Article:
Grumpysuns designer Eva Cambourn and business partner Nick Williamson


At Grumpysuns designer Eva Cambourn and business partner Nick Williamson like to think most people are coming round to the fact that the clothing industry is a significant culprit to pollution and inequality, issues they are passionate about changing. Their surf/skate/street apparel label is made from hemp and organic cotton, and their goal is to eventually make all their products with New Zealand hemp, as they believe the hemp industry will benefit the New Zealand economy greatly. Hemp requires little water and can produce more fibre per acre than trees, cotton… it will also break down when disposed of,” says Cambourn. Also incorporated within Grumpysuns designs are subtle positives messages like ‘increase the peace’ and ‘real tidy’.


Outliv’s Amy Conlon


Working as a fashion designer in the UK for many years for other companies, Amy Conlon is now backing herself with her ethical accessories brand Outliv. All of Outliv’s bags are made from high grade recycled clothing, with a focus on genuine leather and denim for their durability and because they become more beautiful with age. Conlon’s slow fashion model was born from the desire to make beautiful product in a way that would not be taking from the environment. It also means each bag is unique. Outliv is also donating a percentage of its profits to Sea Cleaners which work to remove rubbish from the Waitemata, Manukau and Northland harbours. “There is an ethical and eco-conscious movement taking shape … Outliv want to be a positive part of this.”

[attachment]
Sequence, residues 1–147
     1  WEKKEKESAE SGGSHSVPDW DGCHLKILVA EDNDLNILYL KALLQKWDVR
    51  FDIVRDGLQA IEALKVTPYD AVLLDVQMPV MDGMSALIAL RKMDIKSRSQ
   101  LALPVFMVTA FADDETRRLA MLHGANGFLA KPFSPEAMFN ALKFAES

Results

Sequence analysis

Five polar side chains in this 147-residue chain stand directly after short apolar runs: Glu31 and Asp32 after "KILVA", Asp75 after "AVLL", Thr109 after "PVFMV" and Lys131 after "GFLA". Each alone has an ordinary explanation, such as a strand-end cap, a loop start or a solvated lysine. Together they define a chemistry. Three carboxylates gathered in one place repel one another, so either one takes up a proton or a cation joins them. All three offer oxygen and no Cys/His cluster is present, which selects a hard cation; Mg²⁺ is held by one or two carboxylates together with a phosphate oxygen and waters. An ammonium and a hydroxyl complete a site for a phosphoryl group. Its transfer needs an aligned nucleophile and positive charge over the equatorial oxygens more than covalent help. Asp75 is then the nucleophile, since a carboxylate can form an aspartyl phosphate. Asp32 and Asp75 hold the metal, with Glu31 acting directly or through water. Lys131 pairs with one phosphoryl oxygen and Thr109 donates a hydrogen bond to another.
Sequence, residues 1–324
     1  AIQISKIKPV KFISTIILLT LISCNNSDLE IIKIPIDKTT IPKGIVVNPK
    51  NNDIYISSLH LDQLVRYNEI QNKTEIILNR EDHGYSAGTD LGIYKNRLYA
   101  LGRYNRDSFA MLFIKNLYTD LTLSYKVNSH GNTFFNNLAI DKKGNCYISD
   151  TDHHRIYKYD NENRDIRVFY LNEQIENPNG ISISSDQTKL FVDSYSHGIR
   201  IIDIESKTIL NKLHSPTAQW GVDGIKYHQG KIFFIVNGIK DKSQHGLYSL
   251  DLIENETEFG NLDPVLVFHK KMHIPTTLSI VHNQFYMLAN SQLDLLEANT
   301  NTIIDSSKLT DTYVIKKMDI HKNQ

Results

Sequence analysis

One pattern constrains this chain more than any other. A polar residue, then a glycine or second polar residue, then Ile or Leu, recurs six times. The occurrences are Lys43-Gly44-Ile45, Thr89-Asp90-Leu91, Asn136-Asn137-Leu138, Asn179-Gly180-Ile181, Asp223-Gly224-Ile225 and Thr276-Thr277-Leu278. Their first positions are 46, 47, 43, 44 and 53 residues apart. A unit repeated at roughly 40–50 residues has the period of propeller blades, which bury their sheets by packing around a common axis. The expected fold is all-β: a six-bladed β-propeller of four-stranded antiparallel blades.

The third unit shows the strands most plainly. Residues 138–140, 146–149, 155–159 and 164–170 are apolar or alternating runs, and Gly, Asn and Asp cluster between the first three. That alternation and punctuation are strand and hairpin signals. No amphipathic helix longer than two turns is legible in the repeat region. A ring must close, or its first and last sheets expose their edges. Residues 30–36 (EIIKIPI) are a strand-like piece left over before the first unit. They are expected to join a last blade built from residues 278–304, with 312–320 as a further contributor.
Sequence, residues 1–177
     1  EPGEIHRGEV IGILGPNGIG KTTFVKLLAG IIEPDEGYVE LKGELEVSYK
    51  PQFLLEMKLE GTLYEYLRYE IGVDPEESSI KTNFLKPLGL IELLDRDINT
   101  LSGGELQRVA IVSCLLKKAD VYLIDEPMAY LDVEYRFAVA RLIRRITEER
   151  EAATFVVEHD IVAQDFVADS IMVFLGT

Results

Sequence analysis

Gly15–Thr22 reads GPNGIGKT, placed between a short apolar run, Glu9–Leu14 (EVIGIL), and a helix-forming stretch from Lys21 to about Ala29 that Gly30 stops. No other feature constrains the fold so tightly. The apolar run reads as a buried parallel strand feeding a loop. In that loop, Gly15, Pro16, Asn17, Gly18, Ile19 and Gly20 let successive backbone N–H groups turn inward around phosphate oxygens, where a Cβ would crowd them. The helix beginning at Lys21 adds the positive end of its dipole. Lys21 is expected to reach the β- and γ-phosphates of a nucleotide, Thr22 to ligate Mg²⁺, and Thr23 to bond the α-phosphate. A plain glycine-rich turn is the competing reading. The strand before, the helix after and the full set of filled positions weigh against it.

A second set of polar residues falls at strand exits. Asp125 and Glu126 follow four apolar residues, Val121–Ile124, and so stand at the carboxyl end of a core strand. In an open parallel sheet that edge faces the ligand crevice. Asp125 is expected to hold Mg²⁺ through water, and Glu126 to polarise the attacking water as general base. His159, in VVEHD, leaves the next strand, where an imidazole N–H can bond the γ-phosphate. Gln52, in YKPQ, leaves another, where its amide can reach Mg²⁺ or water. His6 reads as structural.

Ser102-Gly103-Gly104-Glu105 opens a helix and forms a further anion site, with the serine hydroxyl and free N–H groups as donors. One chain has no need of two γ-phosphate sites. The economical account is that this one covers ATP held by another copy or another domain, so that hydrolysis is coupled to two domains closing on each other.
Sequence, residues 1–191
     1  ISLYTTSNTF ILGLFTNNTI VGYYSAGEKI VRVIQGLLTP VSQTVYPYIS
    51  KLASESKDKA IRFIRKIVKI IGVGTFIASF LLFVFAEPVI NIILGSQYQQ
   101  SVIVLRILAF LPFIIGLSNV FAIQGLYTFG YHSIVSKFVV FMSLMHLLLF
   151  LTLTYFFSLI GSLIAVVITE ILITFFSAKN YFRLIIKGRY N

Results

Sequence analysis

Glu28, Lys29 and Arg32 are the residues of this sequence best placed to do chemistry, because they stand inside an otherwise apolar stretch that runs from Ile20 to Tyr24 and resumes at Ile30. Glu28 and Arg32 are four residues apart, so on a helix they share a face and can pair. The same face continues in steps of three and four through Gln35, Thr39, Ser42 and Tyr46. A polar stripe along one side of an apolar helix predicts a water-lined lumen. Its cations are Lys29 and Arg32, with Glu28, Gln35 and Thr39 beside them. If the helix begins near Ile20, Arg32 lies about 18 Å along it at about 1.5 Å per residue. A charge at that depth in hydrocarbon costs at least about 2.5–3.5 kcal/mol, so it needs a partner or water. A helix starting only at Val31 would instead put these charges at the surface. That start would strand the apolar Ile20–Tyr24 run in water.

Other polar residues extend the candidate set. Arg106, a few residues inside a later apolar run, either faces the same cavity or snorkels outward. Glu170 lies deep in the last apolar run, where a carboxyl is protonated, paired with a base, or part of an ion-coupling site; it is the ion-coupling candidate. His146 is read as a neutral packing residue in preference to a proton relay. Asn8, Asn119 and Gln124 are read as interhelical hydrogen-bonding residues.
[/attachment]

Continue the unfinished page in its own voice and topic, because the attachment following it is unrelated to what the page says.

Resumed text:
Ana Wilkinson-Gee from Holi Boli, India who has partnered with Tonic & Cloth

Jodie Woods of Tonic & Cloth. Photo by Leilani Hayes

Tonic & Cloth

Tonic & Cloth has partnered with an inspiring production house, Holi Boli, in rural India, founded and led by pioneering Kiwi Ana Wilkinson-Gee. Armed with a few industrial sewing machines and some serious skills Holi Boli fights poverty and brings ongoing opportunity for female identity and empowerment.

Together Tonic & Cloth designer Jodie Woods and Holi Boli have created clothes that are gentle on the body, trousers are cut slightly larger at the waist and given shape with hidden elastic – “Monday clothes that feel like Sunday”. Shirts are sassy and edgy while letting the tummy ‘be’, while dresses bring the ‘wow’ in a ‘wear all day kinda way’. Beautiful natural fibres have been chosen to bring the collection to life, from silk and linen, to GOTS certified organic cotton sourced from India.


Good Sustainable Style Show, Sunday 2 September as part of NZ Fashion Weekend, New Zealand Fashion Week, Viaduct Events Centre, Auckland.

Tickets are available now, click here to purchase and find out more

Outliv and Good magazine will also be part of an ethical fashion networking breakfast and discussion panel on Tuesday 28 August at Grid Akl, Pakenham St at 7.30am. Book tickets to Let’s Get Ethical, brought to you by Outliv and Grid Akl here https://www.facebook.com/events/534551483613981/